Journey | Blog

A Vivir en el Momento

I am still shaking off the sleep from a 2 am flight out of Managua Nicaragua as I sit snuggling my daughter and reflecting on the past week in this surprisingly cool Florida afternoon.

When I was invited to participate in Yoga Fest Nicaragua, I was excited to contribute to an event dedicated to showcasing yoga from a variety of international teachers.  I had few expectations, which gave me the freedom to experience and enjoy each moment fully.  The impromptu dinners with new and old friends, the Reiki treatments and card readings Paty la Mariposa and I shared, and the many moments of free form dancing that overtook us all were moments of joy sin expectativas.

Some of the plans I set in motion for the week came to fruition and others didn’t, which allowed me the opportunity to open to grace and allow the universe to surprise me with a week that turned out far better than what I could have imagined!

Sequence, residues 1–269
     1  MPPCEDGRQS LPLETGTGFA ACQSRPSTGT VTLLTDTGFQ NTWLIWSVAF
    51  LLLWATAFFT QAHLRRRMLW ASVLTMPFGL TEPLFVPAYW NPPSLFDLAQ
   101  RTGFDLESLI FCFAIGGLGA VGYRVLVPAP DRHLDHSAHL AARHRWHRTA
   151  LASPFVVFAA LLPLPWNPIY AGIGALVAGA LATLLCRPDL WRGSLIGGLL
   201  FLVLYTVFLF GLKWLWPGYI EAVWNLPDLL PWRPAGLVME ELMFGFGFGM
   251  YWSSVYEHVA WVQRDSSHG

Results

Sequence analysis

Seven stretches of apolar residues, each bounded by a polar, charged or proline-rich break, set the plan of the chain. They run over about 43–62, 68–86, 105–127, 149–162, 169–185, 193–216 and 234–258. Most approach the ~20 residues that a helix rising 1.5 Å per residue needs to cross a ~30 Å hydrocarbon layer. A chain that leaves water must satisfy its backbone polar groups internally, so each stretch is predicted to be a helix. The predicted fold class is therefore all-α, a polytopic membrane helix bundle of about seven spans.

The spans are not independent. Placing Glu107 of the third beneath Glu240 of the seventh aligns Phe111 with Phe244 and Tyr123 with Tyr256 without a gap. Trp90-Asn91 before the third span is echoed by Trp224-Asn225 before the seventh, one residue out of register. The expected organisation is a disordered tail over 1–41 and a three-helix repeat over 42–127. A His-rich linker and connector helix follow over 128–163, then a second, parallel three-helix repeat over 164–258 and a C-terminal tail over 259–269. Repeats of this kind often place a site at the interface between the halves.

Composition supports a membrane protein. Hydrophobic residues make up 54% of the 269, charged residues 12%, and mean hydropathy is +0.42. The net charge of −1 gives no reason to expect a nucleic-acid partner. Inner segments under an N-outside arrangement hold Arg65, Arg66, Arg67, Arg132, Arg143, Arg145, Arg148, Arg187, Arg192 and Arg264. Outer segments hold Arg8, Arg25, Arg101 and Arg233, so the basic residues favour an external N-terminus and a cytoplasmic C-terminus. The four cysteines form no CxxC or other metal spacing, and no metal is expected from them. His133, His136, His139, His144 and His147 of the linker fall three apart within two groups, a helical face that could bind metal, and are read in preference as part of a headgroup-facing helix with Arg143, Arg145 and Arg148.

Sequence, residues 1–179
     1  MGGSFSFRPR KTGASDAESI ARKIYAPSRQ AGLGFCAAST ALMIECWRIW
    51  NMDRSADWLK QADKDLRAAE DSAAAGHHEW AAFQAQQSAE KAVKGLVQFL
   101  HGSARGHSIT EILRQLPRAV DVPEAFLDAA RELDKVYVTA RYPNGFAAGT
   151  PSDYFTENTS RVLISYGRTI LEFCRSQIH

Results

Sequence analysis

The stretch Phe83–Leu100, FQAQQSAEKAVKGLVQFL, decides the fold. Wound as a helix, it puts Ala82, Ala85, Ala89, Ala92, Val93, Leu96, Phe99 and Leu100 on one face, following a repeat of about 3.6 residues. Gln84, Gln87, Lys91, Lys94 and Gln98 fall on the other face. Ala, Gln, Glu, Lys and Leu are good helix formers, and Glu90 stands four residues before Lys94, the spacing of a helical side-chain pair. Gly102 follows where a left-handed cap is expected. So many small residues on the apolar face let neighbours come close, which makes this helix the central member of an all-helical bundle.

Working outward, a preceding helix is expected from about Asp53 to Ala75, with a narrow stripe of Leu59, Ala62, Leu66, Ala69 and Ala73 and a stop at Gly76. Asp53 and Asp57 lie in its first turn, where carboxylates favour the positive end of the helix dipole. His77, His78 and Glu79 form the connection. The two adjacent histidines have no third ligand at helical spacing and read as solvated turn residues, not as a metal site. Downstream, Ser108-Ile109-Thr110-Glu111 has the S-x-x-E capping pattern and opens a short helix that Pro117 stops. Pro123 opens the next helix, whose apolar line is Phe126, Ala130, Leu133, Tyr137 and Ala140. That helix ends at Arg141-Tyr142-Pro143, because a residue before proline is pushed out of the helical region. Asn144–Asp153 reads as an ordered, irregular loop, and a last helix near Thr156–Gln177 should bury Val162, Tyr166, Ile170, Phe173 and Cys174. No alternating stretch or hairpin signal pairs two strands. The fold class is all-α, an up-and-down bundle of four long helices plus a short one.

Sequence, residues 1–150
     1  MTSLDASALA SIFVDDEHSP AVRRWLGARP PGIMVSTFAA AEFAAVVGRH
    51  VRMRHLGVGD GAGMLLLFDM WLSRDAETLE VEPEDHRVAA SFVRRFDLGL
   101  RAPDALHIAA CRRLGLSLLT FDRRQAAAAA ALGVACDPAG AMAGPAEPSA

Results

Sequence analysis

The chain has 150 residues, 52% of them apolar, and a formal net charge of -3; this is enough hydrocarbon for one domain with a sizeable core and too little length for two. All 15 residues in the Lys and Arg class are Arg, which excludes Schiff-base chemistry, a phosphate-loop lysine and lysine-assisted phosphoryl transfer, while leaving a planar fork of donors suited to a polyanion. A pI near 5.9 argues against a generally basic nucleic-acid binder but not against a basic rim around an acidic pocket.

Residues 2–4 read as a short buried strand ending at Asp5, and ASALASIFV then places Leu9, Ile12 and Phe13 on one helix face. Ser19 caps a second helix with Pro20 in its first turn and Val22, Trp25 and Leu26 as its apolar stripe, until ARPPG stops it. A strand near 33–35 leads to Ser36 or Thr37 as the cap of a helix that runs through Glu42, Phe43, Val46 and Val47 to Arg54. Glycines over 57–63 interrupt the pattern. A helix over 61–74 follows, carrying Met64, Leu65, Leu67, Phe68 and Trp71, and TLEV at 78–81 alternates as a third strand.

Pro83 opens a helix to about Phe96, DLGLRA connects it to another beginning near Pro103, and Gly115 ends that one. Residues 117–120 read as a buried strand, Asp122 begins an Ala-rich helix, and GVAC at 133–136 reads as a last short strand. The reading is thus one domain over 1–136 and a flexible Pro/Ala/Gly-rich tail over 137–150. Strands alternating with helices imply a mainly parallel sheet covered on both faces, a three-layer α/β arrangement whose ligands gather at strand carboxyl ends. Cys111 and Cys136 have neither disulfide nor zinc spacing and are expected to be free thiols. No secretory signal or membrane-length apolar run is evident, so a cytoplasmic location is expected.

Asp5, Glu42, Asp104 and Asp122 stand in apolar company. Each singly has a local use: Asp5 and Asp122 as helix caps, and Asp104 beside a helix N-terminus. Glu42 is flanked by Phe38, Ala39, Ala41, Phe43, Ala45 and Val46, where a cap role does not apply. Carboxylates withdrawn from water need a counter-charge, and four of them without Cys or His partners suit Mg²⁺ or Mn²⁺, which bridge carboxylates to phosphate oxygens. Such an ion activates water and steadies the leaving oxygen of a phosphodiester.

I’m grateful to have lived long enough to have this perspective – rather than get frustrated if something I desire doesn’t come to pass, I trust that it is only to make space for something bigger.

For example, our Reiki Course at the Laguna de Apoyo was an incredible mix of women, both local to Nicaragua and long-term turistas, all visionaries offering something unique and brave to the world.

The trip was a healthy mix of work and play, which allowed us to serve people from all over the world with mini private yoga sessions, meditations and mantra offerings, chakra balancing, Reiki practice, and card readings.

And so the week turned out exactly as it was supposed to all along!  I’m overtaken by gratitude for this practice that allows me to learn again and again, each time deeper, how to fully step into the present moment and enjoy the beauty that surrounds me.

Thank you for being a part of the journey.

Satya and Saucha – Purity in Truth

I love the idea of pairing the Yamas and the Niyamas together as we explore the repurcussions of putting these concepts into imperfect practice in our daily lives.

It’s a powerful way to take your yoga practice beyond the mat and, if you’re like me, it’s something that you continually circle back to, refining and honing until the concepts crystallize and reverberate in your world.